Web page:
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New Mazda 3 Turbo 2021 hot hatch hopes dashed: "No plans" for Australian model to steal crown from Hyundai i30 N, Volkswagen Golf GTI

The Mazda3 Turbo isn't set to be produced in right-hand drive, and could be the first sign of a more US-focused Mazda.

Australia will miss out on the turbocharged Mazda3 halo that could have lined up against the likes Hyundai's i30 N and the Volkswagen Golf GTI due to constraints in production.

Speaking to CarsGuide at the launch of the new semi-compression ignition Mazda3 SkyActiv X, Mazda Australia marketing boss Alastair Doak ruled out a local launch of the US-market turbocharged hatchback.

When asked if he envisaged a future Mazda3 range consisting of a compression ignition SkyActiv-X 2.0-litre and a turbocharged 2.5-litre to replace the current SkyActiv-G naturally aspirated 2.0-litre and 2.5-litre engines in the range, Mr Doak said: “I should first clarify, the turbo is left-hand drive only for now. We have no plans to introduce that car to Australia.”

The Mazda3 Turbo's wheel will remain on the wrong side of the car. The Mazda3 Turbo's wheel will remain on the wrong side of the car.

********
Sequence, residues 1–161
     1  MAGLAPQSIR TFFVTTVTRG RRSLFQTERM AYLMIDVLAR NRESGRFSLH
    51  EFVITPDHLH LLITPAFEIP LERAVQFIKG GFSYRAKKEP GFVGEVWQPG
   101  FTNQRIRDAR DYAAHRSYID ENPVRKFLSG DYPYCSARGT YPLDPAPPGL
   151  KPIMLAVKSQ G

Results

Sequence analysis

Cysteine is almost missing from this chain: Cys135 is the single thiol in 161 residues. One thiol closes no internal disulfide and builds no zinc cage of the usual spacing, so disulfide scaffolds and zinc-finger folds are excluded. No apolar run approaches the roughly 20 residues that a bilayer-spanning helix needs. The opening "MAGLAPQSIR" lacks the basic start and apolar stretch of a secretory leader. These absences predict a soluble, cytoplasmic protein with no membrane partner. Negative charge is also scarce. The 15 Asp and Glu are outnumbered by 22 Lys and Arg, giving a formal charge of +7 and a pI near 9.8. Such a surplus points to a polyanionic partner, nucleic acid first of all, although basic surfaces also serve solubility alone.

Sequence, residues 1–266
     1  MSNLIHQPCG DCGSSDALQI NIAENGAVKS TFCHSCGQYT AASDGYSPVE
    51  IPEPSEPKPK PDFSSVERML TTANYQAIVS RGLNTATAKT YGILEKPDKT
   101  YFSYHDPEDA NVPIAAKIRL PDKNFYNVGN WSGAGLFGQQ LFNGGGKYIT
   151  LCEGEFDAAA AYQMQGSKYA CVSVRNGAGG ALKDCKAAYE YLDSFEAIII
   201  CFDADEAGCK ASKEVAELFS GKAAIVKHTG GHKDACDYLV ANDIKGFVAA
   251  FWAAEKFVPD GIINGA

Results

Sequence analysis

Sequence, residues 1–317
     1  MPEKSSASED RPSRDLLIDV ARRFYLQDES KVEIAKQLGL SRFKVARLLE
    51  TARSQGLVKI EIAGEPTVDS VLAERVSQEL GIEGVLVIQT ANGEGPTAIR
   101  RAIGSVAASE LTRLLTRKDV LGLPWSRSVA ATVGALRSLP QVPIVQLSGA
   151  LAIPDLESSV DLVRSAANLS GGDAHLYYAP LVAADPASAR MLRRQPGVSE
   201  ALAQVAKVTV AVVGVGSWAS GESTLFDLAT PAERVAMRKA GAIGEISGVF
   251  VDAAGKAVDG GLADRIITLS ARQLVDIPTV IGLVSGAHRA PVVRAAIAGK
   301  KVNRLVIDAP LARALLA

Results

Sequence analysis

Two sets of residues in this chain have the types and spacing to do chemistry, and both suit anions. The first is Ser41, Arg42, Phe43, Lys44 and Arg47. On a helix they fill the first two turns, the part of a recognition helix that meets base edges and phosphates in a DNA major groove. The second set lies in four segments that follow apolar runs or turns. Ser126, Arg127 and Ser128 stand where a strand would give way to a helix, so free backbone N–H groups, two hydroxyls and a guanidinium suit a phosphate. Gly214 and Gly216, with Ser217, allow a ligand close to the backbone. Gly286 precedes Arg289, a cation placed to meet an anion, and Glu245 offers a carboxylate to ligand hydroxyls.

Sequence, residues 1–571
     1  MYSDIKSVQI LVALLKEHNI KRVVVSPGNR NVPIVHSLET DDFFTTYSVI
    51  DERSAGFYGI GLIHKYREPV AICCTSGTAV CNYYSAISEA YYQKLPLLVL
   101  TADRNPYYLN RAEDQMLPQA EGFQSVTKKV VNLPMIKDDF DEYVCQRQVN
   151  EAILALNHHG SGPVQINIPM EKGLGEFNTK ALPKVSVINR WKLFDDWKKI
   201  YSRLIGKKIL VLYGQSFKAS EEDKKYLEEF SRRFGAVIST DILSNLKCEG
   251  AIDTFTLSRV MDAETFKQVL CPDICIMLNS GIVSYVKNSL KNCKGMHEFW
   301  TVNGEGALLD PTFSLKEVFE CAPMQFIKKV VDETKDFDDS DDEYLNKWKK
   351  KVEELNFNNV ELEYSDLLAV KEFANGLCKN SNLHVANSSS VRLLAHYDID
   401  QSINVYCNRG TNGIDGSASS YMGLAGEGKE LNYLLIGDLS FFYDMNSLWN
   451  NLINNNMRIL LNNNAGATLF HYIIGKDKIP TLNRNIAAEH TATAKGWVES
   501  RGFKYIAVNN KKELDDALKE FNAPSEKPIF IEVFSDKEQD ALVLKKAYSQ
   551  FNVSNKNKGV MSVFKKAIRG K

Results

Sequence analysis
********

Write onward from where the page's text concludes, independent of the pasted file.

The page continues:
The Mazda3 Turbo as revealed to the US market uses a tweaked version of the 2.5-litre turbocharged four-cylinder that appears in the Mazda6, CX-5, and CX-9, with power outputs scaled up to a Golf GTI-beating 186kW/434Nm.

Mr Doak’s comments rule out any imminent plans for a Mazda3 with that engine for the time being, although he did note that the local arm “made a strong argument” to try to get it here.

To answer the question we initially asked, Mr Doak said the current 2.0- and 2.5-litre naturally aspirated SkyActiv-G engines will continue.

“They’ve had upgrades over the years, and they will continue to be upgraded into the future,” he said.

Aside from the introduction of the SkyActiv-X, it seems the Mazda3 range will remain the same in Australia. Aside from the introduction of the SkyActiv-X, it seems the Mazda3 range will remain the same in Australia.

No right-hand-drive production for some upcoming models does fit Mazda’s investor briefing from early 2020, which confirmed the brand would re-focus on the US market, entering into a joint venture with Toyota, and utilise a new straight-six engine architecture in both petrol and diesel to underpin new large vehicles such as the next-gen Mazda6 and rumoured CX-5-replacing CX-50.

It is known Mazda is also developing 48-volt mild-hybrid systems for future products (unlike the 24v hybrid system in the new Mazda3 SkyActiv-X that is for auxiliary support only and is incapable of driving the wheels), as well as a range-extender version of its MX-30 electric SUV – another vehicle which is yet to be officially locked in for an Australian arrival.